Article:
MANCHESTER – Nick Pelotte of Bingham is used to pressure. He has played basketball state championship games in front of thousands of screaming spectators more than once.
The quick guard’s slashing moves to the basket helped lead Valley High School to four perfect seasons, an 84-game winning streak, and four Class D state championships, including 90-81 over East Grand of Danforth on March 2.
Playing a genteel sport such as golf should be a walk in the park by comparison.
“This one is a lot more difficult,” said Pelotte after Tuesday’s opening round of the Maine Amateur Golf Championship at Augusta Country Club. “You’re all by yourself. There are no teammates to carry you when you’re a little off.”
Pelotte has had to learn to control his temper on the course, much more so than on the basketball court.
“You can get a little upset playing basketball and your skills take over,” said Pelotte. “In golf, if your head’s not in it, you might as well pack it in.”
It took Pelotte a while to learn that.
“When I first started, I was a head case,” said Pelotte, who took up the game in 1997 after watching Tiger Woods win the Masters. “I threw clubs, I broke clubs.
“That’s when I realized I had to get my head into it. That’s when I started to improve.”
The first two years were the worst, according to Pelotte. “Then I came out of it,” he said.
His handicap quickly dropped from a 20 to its current 2 at Lakewood Golf Course.
“I’ve seen the benefits,” he said.
His progress in golf has been quicker than it was in basketball.
“I learned something all the time in basketball, but it was more gradual,” said Pelotte. “Golf changed almost over one summer.”
Pelotte had his challenges Tuesday when he shot an 83 at Augusta, a par-70 course.
“I knew it was a difficult sport, but it chews on you,” he said. “You’re always looking forward to the next day.”
Pelotte will be taking his basketball game to Plymouth State in New Hampshire in the fall, but he won’t be able to play golf for the Panthers, too, because the school doesn’t have a golf program.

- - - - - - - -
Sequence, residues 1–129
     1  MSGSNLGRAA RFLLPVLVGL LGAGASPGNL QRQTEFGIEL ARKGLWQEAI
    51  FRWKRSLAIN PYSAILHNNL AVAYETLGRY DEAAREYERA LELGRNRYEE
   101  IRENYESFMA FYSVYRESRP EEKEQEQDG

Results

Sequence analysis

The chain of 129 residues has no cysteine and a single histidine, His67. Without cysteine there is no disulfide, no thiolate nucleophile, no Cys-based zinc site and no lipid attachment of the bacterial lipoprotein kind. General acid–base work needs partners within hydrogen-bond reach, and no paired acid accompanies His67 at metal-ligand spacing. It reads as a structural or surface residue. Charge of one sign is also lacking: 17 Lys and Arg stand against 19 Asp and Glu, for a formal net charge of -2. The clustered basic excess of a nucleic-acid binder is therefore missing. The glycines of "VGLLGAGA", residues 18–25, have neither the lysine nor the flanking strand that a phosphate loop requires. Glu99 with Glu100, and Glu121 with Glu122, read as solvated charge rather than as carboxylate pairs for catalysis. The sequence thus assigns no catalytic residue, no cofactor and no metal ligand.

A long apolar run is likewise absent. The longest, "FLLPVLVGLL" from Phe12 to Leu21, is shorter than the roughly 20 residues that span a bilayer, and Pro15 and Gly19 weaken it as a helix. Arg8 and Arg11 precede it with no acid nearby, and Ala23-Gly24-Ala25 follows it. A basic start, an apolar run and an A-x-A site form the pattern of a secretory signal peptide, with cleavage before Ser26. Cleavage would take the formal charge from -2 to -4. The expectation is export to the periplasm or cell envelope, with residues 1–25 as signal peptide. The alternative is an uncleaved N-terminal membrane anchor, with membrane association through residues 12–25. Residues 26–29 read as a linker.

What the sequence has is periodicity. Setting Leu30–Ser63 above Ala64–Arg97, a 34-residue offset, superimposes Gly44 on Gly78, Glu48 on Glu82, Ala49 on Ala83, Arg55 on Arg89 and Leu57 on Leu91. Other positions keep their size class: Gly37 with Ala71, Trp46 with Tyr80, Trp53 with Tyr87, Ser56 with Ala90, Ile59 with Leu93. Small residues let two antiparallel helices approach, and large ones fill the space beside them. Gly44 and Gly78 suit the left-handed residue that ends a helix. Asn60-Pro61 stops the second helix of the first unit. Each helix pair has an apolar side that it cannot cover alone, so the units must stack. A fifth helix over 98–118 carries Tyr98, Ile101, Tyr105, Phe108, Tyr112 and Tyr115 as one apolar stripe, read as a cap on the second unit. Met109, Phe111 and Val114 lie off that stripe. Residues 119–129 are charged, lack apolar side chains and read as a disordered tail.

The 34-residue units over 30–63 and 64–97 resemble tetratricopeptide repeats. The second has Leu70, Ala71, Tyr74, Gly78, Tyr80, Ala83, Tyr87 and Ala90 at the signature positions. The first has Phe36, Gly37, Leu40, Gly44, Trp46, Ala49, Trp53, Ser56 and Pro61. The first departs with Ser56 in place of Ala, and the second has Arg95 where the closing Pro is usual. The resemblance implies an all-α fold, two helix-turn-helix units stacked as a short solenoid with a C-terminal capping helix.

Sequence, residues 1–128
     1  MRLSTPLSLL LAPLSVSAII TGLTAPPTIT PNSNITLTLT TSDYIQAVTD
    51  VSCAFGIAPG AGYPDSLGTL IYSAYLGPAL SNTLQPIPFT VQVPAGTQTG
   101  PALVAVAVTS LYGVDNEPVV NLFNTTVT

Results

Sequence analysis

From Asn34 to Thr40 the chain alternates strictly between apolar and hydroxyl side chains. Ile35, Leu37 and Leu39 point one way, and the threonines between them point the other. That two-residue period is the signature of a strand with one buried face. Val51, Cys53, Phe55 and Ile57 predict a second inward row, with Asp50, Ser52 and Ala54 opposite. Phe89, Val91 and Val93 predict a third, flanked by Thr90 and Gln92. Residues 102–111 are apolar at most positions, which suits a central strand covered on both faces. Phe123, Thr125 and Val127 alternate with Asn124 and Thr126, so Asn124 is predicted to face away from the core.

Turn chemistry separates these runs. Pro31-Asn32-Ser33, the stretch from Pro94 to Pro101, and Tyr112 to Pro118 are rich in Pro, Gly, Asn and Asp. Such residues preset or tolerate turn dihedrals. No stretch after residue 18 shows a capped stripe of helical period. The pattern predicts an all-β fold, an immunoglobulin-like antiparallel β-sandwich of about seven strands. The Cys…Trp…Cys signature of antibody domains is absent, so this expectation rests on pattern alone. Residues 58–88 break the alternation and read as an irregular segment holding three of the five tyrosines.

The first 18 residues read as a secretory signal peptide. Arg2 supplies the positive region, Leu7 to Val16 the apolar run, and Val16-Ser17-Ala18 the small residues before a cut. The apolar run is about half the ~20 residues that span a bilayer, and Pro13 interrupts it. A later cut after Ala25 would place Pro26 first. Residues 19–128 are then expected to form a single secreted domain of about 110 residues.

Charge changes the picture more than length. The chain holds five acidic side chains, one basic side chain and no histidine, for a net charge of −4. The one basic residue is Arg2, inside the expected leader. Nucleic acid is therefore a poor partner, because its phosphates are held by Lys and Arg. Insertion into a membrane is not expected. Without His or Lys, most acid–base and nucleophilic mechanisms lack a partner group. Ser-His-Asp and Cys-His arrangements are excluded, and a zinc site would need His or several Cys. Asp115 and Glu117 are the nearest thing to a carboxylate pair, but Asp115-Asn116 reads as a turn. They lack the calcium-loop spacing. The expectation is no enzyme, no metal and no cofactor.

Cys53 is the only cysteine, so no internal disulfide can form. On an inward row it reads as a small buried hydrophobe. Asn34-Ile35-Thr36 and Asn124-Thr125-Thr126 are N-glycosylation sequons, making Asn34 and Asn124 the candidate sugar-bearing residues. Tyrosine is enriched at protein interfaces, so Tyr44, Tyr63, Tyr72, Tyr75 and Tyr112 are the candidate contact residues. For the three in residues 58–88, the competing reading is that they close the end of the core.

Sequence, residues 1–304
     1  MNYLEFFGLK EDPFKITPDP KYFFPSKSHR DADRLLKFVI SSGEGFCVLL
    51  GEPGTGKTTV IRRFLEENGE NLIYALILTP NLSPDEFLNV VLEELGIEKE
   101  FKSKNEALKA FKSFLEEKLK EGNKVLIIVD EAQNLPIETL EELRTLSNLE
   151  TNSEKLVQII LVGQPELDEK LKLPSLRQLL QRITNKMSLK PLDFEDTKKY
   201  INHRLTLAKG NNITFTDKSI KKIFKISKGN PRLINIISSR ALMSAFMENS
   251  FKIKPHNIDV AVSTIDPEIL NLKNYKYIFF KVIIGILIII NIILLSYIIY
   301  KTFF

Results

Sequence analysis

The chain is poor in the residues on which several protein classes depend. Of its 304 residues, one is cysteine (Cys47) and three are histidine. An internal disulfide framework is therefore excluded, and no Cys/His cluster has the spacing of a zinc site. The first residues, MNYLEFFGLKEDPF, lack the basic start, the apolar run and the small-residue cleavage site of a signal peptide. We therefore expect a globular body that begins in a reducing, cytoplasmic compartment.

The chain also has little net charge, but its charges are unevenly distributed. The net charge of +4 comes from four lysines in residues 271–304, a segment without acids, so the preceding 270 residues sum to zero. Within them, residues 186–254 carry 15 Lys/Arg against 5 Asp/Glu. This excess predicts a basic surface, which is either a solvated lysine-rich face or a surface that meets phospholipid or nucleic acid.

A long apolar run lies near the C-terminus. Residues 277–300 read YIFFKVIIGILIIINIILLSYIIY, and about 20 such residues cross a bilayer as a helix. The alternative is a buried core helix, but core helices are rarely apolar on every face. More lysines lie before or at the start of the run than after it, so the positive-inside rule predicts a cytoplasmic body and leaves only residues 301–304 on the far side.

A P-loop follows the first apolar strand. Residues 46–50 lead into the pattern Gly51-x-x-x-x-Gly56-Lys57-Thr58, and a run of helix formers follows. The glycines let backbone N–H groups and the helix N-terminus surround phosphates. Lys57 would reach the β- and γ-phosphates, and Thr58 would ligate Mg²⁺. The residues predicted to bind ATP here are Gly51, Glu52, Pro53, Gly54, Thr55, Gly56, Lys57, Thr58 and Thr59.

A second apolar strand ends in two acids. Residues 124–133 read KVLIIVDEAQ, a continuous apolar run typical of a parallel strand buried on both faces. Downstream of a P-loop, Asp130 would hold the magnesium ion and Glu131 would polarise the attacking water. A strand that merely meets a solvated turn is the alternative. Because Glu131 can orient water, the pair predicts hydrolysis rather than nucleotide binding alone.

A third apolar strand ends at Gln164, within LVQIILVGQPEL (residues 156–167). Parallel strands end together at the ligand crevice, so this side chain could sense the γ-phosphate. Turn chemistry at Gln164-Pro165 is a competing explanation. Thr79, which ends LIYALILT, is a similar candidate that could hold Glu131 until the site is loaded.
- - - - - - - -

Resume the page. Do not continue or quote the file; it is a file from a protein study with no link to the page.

“If they had it, I’d do it,” he said.
For now, he’s going to concentrate on basketball.
“I can do golf a lot longer than I can basketball,” Pelotte said. “After basketball, after college, then I can concentrate on golf more.”
A pro career remains a question mark, though.
“I’d like to,” he said, “but that’s unrealistic, maybe.”
Maybe if he keeps his head in it, though.
Top teachers named
Golf Digest has named the top 50 teachers in the country and the top teachers in each state.
Ranked No. 4 in Maine is Paul Piveronas, an assistant pro at The Woodlands in Falmouth.
If it was up to Ron Brown Jr. of Cumberland Foreside, though, Piveronas would be No. 1.
“He’s the best,” said Brown, who was formerly a member at The Woodlands and won his second Maine Amateur when it was held there in 1999.
“He’s a real student of the golf swing,” said Brown. “He’s good at breaking down the golf swing, and that’s basically what he had to do with me.”
Piveronas worked for David Leadbetter for a number of years in Florida, according to Brown. Leadbetter was ranked No. 1 in the country by Golf Digest.
Brown turned to Piveronas, Maine schoolboy champion in the early 1980s, when his game deserted him.
“I was in such bad shape two months ago, I couldn’t break 80, anywhere,” said Brown, who also won the Amateur in 1975.
“He got me back hitting the ball solid,” said Brown. “Now it’s up to me to make the putts.”
Brown shot a 73 Tuesday, five strokes behind leader Shawn Warren, a protege of Piveronas’.
Brown credits Piveronas with Warren’s success.
“He’s worked with him for four years,” said Brown.
According to the Golf Digest rankings, Harvey LaMontagne of Paris Hill Country Club is No. 1 in Maine, followed by Ken Raynor of Cape Arundel Golf Club in Kennebunkport, and Piveronas’ boss, Kevin Roberts at The Woodlands.